The PACT Act and Your Care

Learn about the expansion of care and benefits

A Veteran reading about expanded benefitsOn August 10, 2022, President Biden signed the Sergeant First Class Heath Robinson Honoring our Promise to Address Comprehensive Toxics Act—known as the PACT Act. The PACT Act is one of the largest health care and benefit expansions in VA history. It helps us provide generations of Veterans and their survivors with the care they’ve earned and deserve

How can the PACT Act affect you?

The PACT Act expands eligibility for VA health care for Veterans with toxic exposures and Veterans of the Vietnam, Gulf War, and post-9/11 eras. The PACT Act:

  • Added more than 20 new presumptive conditions for burn pits and other toxic exposures.

  • Added more presumptive exposure locations for Agent Orange and radiation.

We have information on these two changes to help you see how the PACT Act may affect your benefits.

What is toxic exposure?

The term “toxic exposure” refers to a subset of Military Environmental Exposures. Whether an exposure is “toxic” is determined by 4 factors: substance, concentration of exposure, route of exposure (inhalation, ingestion, etc.), and duration of exposure.

There are many types of possible exposures or hazards Veterans may have experienced during their military service:

  • Chemicals: Herbicides (Agent Orange) used during Vietnam era, burn pits, sulfur fire in Iraq, Camp Lejeune water supplies, pesticides used during Gulf War, depleted uranium, industrial solvents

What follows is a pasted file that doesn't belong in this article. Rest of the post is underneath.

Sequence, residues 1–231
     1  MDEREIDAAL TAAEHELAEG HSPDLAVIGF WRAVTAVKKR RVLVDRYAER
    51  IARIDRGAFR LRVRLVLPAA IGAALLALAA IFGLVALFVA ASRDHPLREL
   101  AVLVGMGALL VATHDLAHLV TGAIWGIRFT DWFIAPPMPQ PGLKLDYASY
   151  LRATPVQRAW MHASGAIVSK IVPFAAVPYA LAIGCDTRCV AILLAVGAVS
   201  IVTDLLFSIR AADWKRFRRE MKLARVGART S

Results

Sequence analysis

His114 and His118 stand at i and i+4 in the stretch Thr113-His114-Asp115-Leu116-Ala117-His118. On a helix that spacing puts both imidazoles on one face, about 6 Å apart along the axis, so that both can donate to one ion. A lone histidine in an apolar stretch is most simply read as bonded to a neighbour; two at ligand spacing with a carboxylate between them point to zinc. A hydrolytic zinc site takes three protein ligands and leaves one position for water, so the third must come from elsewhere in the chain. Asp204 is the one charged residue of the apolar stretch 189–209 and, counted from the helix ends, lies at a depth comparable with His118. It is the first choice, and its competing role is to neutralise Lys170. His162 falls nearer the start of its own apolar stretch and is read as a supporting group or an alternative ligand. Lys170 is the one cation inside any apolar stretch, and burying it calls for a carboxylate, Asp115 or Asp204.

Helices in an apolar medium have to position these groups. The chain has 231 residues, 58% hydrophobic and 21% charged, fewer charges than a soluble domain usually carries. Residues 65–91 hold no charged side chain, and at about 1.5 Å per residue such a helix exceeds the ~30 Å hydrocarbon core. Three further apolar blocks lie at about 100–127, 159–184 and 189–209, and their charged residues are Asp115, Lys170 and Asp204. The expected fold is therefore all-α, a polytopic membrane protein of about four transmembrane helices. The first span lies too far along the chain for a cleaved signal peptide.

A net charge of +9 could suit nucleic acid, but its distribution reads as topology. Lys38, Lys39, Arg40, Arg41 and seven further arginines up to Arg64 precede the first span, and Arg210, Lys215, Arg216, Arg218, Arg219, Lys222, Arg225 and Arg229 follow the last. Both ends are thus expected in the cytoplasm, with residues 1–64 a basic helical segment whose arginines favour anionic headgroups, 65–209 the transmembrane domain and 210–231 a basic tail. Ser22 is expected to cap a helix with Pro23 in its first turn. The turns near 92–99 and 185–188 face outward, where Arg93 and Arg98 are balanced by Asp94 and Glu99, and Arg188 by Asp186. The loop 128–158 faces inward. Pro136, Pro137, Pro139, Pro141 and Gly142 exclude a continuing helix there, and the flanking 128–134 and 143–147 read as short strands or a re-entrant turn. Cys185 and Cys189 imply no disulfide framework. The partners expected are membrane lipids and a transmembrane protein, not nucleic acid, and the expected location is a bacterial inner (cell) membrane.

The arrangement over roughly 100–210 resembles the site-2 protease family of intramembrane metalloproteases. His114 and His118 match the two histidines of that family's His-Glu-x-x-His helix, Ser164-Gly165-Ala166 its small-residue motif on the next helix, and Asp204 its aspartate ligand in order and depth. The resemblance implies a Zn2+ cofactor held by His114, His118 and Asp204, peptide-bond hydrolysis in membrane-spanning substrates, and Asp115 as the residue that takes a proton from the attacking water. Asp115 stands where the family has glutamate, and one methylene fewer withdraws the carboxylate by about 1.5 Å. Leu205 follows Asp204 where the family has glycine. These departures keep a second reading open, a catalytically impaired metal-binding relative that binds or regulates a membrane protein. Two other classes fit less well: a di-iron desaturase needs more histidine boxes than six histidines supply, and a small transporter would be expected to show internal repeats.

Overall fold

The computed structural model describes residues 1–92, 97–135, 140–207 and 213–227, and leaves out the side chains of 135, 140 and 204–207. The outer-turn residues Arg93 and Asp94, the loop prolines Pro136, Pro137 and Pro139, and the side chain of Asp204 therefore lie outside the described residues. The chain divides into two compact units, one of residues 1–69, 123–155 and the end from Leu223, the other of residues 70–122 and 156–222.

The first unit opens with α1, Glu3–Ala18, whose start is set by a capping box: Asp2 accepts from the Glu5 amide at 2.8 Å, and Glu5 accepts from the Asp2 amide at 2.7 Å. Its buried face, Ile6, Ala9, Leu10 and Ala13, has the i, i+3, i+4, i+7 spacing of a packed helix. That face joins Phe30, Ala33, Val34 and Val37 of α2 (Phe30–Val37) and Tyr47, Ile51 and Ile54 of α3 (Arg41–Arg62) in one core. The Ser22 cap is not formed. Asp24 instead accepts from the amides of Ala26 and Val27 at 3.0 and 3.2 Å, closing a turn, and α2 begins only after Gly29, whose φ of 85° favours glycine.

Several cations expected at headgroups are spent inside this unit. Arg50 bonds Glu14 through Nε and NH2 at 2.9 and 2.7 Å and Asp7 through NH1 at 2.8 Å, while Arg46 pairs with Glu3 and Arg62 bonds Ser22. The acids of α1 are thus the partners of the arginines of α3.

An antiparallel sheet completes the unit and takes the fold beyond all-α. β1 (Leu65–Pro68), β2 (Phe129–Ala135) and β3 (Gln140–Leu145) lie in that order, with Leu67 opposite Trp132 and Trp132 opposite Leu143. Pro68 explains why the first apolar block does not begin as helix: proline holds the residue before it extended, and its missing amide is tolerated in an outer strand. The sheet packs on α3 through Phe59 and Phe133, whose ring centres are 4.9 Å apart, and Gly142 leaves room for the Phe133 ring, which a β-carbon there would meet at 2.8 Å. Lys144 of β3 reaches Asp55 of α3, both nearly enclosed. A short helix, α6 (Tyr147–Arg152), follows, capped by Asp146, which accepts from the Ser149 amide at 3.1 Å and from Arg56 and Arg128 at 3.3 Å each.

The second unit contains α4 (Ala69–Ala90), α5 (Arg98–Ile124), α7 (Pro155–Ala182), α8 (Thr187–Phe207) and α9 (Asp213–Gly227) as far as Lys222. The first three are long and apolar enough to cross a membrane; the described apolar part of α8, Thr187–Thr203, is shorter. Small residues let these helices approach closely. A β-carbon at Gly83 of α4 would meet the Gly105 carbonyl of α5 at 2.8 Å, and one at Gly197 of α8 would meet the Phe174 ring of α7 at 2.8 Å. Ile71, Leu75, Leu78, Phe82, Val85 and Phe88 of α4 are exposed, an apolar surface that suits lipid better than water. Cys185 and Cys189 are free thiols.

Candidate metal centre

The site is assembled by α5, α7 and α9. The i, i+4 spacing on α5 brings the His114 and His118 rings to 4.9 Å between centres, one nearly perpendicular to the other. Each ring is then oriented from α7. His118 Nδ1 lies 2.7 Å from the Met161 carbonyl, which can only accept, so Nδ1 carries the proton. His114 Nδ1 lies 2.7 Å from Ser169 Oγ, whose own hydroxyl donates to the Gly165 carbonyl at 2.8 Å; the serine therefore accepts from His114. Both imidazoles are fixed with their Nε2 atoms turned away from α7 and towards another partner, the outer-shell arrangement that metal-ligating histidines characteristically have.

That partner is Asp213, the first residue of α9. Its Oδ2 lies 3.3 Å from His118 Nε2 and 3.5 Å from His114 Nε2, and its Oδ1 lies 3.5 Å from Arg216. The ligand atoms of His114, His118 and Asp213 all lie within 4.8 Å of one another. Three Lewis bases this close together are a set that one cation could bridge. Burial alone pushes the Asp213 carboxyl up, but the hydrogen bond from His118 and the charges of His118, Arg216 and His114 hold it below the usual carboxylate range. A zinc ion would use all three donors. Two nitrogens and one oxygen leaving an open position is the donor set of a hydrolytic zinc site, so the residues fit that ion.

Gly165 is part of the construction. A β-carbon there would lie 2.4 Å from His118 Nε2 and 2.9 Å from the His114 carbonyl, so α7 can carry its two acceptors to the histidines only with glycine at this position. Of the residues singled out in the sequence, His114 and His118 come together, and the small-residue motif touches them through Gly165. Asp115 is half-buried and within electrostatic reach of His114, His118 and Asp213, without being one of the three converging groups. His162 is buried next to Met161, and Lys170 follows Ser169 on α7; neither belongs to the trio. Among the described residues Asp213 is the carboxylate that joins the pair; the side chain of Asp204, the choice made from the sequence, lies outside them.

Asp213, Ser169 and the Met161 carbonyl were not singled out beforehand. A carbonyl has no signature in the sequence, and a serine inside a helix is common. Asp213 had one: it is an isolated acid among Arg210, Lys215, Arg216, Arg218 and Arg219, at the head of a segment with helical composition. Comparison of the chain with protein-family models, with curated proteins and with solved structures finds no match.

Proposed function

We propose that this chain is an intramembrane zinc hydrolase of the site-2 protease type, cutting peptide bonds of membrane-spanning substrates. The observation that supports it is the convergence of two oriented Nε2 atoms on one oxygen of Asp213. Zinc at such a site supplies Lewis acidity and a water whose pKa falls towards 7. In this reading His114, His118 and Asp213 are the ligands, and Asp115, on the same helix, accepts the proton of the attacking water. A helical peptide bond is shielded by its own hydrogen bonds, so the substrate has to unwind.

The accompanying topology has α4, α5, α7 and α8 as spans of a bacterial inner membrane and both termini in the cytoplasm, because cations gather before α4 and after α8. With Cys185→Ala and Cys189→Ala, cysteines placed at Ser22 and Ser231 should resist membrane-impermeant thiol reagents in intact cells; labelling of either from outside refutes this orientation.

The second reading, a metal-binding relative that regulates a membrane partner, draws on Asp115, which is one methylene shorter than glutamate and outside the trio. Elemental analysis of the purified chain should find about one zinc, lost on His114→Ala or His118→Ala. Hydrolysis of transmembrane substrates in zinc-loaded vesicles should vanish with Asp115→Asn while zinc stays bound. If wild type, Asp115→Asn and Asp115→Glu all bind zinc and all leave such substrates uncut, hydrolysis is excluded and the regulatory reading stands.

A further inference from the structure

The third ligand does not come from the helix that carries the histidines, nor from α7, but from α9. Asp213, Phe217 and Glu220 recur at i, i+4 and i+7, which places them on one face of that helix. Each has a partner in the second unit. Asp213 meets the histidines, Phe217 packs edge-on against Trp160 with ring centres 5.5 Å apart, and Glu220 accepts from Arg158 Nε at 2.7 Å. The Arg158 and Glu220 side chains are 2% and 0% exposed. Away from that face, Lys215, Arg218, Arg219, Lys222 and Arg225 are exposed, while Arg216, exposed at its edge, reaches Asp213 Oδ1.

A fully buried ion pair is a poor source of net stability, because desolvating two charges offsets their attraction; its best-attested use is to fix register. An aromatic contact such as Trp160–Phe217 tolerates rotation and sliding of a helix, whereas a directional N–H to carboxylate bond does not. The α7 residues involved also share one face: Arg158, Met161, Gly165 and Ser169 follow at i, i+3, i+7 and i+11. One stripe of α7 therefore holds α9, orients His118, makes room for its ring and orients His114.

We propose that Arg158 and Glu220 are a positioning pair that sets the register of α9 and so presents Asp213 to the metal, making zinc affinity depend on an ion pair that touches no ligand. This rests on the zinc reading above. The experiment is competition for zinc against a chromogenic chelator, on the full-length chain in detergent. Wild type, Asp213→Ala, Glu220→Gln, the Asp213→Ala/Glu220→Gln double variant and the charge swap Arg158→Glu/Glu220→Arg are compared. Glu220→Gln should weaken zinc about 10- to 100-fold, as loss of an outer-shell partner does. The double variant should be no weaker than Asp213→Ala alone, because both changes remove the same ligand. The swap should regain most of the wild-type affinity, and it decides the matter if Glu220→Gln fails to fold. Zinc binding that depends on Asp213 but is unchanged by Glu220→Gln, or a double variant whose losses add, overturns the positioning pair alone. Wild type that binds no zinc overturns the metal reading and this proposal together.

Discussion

• Air Pollutants: Burn pits, oil well fire during Gulf War, sulfur fire in Iraq, Atsugi (Japan) waste incinerator, sand, dust, and very small, fine particles or liquid droplets

  • Occupational Hazards: Asbestos, industrial solvents, lead, radiation, vibration, noise, fuels, polychlorinated biphenyl (PCBs), and special paint used on military vehicles

  • Radiation: Nuclear weapons and testing, x-rays, depleted uranium

  • Warfare Agents: Chemical weapons, Project 112/Project Shipboard Hazard and Defense (SHAD), herbicide tests and storage, and chemical experiments

What does it mean to have a presumptive condition for toxic exposure?

VA disability ratings require your disability to be connected to military service. For some conditions, you may have to prove the connection to your service. But for other conditions, we assume that your service caused your condition. These are called “presumptive conditions.”

The PACT Act includes new presumptive conditions for burn pits and other toxic exposures. To see a complete list of the new presumptive conditions and presumptive exposure service locations, visit The PACT Act and your VA benefits.

How to file a PACT Act claim

If you haven’t filed a claim yet, you can learn about your options to file online, in person, by mail, or with help. If your disability claim was denied in the past and VA now considers your condition presumptive, you can learn how to submit a Supplemental Claim. We’re here to help you understand how the PACT Act affects you.

If you have questions about your service-related condition, send your doctor a Secure Message.

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